Thesis defence Kim Zweerink: The public works and the making of the city
26 September 2017 12:30 - Location: Aula TU Delft, Frans van Hasseltzaal - By: Communication BK
On 26 September, Kim Zweerink will defend her PhD thesis 'The public works and the making of the city'.
Promotor: Prof.dr.ir. V.J. Meyer
Copromotor: Dr. R.J. Rutte
In this study, the transformation of the form of nine cities in the Randstad between 1250 and 1940 in relation to changes in infrastructure is central, namely Utrecht, Dordrecht, Leiden, Haarlem, Delft, Gouda, Amsterdam, Rotterdam and The Hague. Within this time span three periods of great spatial dynamics are identified, namely the period 1240-1450, 1580-1680 and 1870-1940.
From the eleventh century large areas of hitherto inaccessible peatland were reclaimed and made suitable for agriculture and habitation, creating a number of peatland streams. Water became the main vehicle for goods transport. Along the peat streams, small settlements were formed, part of which developed as market centers for the environment. After the establishment of a system of continuous shipping links through the Randstad area in the thirteenth century, Central Holland became an alternative to the goods transport between the trading centers of the moment, namely the German Rhineland, Flanders and the Baltic Sea. Central Holland performed a role as a transit between the trading chains. Some cities transformed from a pre-urban to an urban settlement. The interlocal infrastructure formed the main structure of the cities. In a second phase of urbanization around 1350, cities developed into industrial centers. In this study, this development is referred to as the term spatial maturity. Typical for this period is that at the intersection of long-distance (water) ways an urban center developed with a port and public buildings. The street pattern was oriented on this center. The cities showed a remarkable resemblance to size and spatial thematic. Location for economic functions was found in particular by using existing structures. Harbors were made in inland waterways, markets were held on quays, bridges and streets. The main spatial themes in this period are: the development of ports, the development of the street pattern, the extensions and the emergence of an urban center with public functions.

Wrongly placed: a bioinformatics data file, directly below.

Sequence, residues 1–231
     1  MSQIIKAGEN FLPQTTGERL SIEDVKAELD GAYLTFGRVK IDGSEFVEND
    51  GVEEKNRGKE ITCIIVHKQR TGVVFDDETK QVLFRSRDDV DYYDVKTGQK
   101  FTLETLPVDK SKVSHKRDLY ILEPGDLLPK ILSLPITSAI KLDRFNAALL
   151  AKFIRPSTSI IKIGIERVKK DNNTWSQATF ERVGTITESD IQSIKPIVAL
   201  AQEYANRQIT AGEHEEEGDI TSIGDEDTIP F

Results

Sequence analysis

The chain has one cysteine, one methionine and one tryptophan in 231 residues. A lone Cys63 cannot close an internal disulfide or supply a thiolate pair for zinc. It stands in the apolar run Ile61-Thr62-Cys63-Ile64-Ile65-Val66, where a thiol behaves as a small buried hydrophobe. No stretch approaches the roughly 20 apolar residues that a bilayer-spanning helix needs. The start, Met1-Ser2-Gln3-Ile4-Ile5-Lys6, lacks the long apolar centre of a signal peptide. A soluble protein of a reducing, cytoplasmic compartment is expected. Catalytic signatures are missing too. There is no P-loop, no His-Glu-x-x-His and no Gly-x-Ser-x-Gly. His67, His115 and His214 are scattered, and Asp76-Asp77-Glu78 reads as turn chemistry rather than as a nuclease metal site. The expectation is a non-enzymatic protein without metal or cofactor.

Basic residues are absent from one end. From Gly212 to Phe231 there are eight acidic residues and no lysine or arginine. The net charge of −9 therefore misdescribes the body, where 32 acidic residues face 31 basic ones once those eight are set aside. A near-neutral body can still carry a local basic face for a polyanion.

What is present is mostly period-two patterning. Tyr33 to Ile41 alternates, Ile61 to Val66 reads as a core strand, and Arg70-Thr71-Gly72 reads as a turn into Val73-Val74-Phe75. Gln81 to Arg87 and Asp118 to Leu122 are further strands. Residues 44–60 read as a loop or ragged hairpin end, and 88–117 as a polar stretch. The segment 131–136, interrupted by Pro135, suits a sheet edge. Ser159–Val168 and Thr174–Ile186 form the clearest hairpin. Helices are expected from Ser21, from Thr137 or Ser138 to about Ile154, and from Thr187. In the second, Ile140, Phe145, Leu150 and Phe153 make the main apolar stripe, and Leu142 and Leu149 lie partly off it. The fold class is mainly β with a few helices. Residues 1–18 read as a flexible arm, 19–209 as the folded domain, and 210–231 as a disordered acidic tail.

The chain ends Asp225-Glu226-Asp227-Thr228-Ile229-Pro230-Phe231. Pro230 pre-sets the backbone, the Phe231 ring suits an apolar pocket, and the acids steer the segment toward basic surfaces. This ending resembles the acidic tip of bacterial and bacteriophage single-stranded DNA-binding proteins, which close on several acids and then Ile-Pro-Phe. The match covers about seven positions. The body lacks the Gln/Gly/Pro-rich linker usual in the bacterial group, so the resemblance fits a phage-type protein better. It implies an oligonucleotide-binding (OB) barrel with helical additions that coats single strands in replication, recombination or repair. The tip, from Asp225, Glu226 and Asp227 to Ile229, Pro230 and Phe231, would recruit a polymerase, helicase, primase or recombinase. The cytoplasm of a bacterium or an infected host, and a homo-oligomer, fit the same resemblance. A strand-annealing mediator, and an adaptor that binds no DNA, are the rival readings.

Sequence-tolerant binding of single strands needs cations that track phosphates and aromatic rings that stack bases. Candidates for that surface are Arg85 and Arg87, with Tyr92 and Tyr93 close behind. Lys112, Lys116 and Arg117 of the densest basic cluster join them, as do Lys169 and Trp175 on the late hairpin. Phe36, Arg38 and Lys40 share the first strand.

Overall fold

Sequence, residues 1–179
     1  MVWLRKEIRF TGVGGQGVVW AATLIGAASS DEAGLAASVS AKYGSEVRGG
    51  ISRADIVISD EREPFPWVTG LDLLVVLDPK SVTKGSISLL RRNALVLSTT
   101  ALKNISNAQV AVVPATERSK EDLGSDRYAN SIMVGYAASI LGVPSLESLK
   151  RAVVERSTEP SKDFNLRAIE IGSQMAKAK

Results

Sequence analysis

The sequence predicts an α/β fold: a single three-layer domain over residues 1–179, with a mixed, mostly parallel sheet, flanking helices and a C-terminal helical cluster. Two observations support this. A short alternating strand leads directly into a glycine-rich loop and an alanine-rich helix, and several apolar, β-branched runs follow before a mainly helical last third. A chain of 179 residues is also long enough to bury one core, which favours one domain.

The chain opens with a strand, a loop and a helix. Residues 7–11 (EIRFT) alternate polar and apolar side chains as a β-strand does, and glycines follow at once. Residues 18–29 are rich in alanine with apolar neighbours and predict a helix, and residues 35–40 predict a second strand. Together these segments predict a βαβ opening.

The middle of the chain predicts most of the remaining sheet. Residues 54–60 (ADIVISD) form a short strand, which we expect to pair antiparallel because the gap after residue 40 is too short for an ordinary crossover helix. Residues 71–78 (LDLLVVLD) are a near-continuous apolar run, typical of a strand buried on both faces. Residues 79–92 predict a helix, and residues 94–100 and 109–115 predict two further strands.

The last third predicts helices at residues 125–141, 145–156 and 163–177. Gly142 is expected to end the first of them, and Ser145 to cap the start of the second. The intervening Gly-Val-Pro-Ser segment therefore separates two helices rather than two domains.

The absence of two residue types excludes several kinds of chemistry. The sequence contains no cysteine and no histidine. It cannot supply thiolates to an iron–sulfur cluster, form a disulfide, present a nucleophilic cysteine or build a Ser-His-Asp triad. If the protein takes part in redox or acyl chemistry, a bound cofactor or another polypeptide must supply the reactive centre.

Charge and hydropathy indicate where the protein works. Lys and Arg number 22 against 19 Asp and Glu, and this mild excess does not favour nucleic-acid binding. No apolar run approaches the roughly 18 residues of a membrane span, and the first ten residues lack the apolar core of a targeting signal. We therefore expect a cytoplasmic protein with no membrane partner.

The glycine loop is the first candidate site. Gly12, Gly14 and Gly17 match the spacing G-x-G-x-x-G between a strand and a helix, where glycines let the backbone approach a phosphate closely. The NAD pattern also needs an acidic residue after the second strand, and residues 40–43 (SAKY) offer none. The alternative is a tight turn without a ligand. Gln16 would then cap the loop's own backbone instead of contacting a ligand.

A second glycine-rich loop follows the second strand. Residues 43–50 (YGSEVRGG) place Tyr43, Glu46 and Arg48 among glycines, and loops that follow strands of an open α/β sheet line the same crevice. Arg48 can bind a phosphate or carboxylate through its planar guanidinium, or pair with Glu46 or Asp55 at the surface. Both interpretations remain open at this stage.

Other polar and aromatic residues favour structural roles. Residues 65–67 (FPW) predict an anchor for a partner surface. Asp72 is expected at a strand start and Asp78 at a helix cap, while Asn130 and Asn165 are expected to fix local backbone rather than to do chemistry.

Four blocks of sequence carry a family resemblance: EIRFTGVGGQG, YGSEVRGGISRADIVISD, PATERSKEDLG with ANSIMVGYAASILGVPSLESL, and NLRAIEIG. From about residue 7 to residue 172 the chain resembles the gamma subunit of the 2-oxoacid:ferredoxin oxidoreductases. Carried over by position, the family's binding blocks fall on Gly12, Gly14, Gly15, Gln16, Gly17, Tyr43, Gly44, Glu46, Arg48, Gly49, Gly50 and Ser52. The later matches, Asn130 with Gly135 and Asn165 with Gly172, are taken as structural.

In the sixteenth and seventeenth century, the goods transport through Holland grew, and Amsterdam expanded to the centre of world trade. The infrastructural network barely changed during this period. The various urban maps in this phase show a great diversity. Some of the cities were performing in the superregional goods transport and showed a great spatial dynamics. In Amsterdam and to a lesser extent Rotterdam the cities expanded towards the IJ and the Meuse with ports and industrial areas. Leiden applied to the textile industry. In the city there was strong densification and expansion with neighborhoods for the textile industry. The Hague grew in particular as a government center of the Republic. The other cities felt less dynamic. Extensions hardly took place, and in the cities mainly marketplaces were created. During this period, space for economic functions was created. Inland ports were constructed at the edges of the city and marketplaces were made. Important spatial themes in this period are the construction of ports and marketplaces and the strengthening of the urban center. Typical for the city maps during this period was the strengthening of the urban center in addition to the relocation of overseas and regional market functions to the city's borders. There was a specialization in the city maps.
Comparing the city maps with each other, they made a development from uniformity to diversification to leveling between 1250 and 1940. Typical for the spatial development was that in the first period an urban centers was created in which the various urban functions were concentrated. In the second period, specialization took place, in addition to strengthening the regional market function in the late medieval centers, functions were moved to the city edges. In the third period, the international goods transports continued to be moved out of the late medieval centers. In addition, the routes between the central station and the centers were a centers shopping area, passenger flows determined the spatial configuration.